April 2010 National Briefs
The American Psychiatric Association
- The APA has released a first draft of the new Diagnostic and Statistics Manual of Mental Disorders (DSM-V). The draft includes significant changes to their classifications of addictive disease. The DSM-5 will be released in 2013. The deadline for comments is April 20, 2010.
- Indiana University’s Center for Studies of Law in Action administers the premier alcohol and drugged driving courses in the United States. Faculty include internationally recognized experts in toxicology, enforcement, and prosecution. The alcohol course will be held on April 25-40, 2010 and December 5-10, 2010. The drugged driving course will be held April 11-16, 2010.
Bureau of Justice Assistance
- The BJA issued the FY 2010 Competitive Grant Announcement for the Justice and Mental Health Collaboration Program. Only state, local, and tribal governments are eligible to apply for the funds, which may be used to address offenders with mental illness or co-occurring mental health and substance abuse disorders. Applications are due April 8, 2010.
- The BJA has posted its Guide to Grants FY 2010, outlining where to find, how to write, and how to submit grant applications.
National Center for DWI Courts
- The NCDC is providing scheduled trainings at various Academy Courts.
National Conference of State Legislatures
- In their publication The Bulletin, NCSL recently published information on significant state sentencing and corrections legislation in 2009. The Bulletin also published a chart summarizing state interlock laws.
National District Attorneys Association
- The third edition of the National Prosecution Standards now is available for NDAA members. For more information, contact the NDAA at 703.549.9222.
National Highway Traffic Safety Administration
- NHTSA has contracted with the Pacific Institute for Research and Evaluation to conduct a study of SCRAM (Secure Continuous Remote Alcohol Monitor) application in the field. The project will include 10 to 12 case studies that dissect the selection process for offenders, challenges, lessons learned, programming parameters, and results. The case studies will be used by state and local agencies and courts interested in using the technology to monitor offenders.
- In November 2009 NHTSA published Ignition Interlocks – What You Need to Know, a “toolkit for policymakers, highway safety professionals, and advocates.” in November 2009.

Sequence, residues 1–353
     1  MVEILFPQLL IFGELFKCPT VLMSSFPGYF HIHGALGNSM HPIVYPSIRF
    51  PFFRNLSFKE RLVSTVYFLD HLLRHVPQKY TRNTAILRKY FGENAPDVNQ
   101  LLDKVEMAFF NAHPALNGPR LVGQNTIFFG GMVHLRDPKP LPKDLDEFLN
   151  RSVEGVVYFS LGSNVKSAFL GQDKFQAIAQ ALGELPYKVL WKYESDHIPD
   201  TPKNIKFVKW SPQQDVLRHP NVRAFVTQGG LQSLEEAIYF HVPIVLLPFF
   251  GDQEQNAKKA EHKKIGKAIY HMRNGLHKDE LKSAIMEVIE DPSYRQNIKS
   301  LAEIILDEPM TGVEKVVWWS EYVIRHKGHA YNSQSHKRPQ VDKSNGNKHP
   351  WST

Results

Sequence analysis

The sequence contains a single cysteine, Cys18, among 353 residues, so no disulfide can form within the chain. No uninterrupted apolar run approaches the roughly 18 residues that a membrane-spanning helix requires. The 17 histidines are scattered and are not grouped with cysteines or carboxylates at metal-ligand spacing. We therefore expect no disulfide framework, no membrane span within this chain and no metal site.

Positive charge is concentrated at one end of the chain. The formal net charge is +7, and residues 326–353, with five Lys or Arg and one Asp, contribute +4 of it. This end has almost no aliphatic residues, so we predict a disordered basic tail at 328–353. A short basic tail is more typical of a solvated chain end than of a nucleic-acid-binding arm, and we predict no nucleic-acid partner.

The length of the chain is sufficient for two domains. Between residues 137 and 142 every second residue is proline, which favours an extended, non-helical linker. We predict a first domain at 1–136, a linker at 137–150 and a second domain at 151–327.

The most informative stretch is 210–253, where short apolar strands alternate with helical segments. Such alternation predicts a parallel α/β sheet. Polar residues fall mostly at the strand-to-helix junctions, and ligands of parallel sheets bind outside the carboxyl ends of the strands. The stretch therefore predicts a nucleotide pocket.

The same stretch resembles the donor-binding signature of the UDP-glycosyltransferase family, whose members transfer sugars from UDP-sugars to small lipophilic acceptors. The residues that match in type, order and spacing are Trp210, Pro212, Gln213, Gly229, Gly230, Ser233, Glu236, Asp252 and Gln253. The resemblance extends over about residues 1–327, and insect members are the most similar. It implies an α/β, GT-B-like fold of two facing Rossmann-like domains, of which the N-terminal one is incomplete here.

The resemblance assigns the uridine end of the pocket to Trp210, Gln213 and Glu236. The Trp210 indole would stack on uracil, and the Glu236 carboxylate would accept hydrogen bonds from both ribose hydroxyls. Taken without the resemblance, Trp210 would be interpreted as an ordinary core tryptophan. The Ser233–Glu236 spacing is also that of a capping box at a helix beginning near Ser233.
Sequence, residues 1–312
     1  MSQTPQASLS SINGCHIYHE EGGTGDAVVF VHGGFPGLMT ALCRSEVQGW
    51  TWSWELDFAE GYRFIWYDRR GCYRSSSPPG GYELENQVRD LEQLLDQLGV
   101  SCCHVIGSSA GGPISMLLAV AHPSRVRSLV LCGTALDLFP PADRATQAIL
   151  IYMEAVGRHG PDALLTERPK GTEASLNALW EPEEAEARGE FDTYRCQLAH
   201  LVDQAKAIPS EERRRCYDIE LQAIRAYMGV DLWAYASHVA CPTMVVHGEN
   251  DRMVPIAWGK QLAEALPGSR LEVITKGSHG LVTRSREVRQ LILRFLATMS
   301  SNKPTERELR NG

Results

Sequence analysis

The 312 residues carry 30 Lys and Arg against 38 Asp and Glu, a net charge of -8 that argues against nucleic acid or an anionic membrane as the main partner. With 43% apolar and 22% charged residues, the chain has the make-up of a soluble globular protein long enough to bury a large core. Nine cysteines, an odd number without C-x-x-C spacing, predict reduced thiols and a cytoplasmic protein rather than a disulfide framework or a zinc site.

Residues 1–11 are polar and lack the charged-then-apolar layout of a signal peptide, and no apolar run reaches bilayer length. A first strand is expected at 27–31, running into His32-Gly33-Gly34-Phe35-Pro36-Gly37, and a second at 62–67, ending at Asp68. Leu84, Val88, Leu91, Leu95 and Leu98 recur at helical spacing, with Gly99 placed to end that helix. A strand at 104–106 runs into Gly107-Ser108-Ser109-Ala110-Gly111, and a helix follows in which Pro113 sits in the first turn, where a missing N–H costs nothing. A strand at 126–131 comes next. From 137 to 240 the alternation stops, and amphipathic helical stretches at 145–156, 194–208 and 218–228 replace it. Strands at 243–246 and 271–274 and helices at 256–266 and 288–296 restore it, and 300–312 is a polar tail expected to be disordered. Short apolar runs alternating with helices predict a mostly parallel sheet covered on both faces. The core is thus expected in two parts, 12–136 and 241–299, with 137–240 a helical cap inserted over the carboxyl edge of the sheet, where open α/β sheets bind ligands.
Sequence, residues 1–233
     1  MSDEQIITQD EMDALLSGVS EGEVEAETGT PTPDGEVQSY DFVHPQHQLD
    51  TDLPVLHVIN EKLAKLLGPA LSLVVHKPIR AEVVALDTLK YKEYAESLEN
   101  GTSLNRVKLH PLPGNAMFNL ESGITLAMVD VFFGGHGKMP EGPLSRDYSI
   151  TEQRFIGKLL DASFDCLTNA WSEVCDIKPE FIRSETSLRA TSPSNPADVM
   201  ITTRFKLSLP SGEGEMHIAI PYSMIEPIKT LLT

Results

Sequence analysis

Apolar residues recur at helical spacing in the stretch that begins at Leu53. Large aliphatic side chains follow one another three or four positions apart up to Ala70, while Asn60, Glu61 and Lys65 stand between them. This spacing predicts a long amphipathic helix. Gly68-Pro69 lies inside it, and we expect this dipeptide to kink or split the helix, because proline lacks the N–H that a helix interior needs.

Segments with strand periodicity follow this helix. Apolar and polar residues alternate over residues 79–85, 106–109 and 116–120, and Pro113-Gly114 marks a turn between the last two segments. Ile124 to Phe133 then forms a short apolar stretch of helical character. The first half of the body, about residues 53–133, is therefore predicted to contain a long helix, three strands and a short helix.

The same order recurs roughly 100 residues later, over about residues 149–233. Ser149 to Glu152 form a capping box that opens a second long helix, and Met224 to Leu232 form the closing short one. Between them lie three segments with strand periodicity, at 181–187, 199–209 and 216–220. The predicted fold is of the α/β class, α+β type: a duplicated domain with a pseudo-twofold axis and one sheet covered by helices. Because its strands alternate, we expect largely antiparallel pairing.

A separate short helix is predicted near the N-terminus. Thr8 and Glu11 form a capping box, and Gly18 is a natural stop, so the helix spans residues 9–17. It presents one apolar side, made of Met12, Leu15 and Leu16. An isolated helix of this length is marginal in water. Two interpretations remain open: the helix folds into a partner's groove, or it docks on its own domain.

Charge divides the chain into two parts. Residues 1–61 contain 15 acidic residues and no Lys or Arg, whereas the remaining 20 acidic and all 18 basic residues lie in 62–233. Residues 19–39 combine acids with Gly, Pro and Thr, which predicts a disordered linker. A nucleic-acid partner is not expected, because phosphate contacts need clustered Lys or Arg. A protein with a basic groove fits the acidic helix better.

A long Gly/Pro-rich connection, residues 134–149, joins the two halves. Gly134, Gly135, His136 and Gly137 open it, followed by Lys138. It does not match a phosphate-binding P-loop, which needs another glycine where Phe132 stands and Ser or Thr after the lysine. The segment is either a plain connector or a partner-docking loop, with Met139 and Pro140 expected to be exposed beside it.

- NHTSA solicited comments and suggestions for its 2010–2015 strategic planning. You may view the submissions through regulations.gov. You may also view NPAMC’s comments on the site.
- In December 2009 NHTSA Released Fatalities and Fatality Rates in Alcohol-Impaired-Driving Crashes by State, 2007-2008. The report showed a decline in alcohol-related fatality rates in 40 states.
- In March NHTSA released their Early Estimate for Motor Vehicle Traffic Fatalities for 2009 report. The projected fatality data shows an 8.9 percent drop from 2008, with fatalities reaching the lowest level since 1954.
National Institute on Alcohol Abuse and Alcoholism
- The NIAAA launched a new webzine, NIAAA Spectrum. The webzine includes feature articles, short news updates, and relevant information on NIAAA and the alcohol research field. NIAAA Spectrum will be published three times a year.
National Institutes of Health
- The NIH launched the Basic Behavioral and Social Science Opportunity Network (OppNet) in November 2009. OppNet is a trans-NIH initiative to expand the agency’s funding of basic behavioral and social sciences research.
Substance Abuse and Mental Health Services Administration
- SAMHSA released data from the latest National Survey of Substance Abuse Treatment Services. You may access a summary, data, and the full report online.
- SAMHSA will begin accepting new submissions for the National Registry of Evidence-Based Programs and Practices during the Summer of 2010.
United States Congress
- Congress continued issuing short-term extensions of the Federal highway law (SAFETEA-LU), which was set to expire in September 2009. Congress is not expected to pass a successor bill until the end of 2010, at the earliest.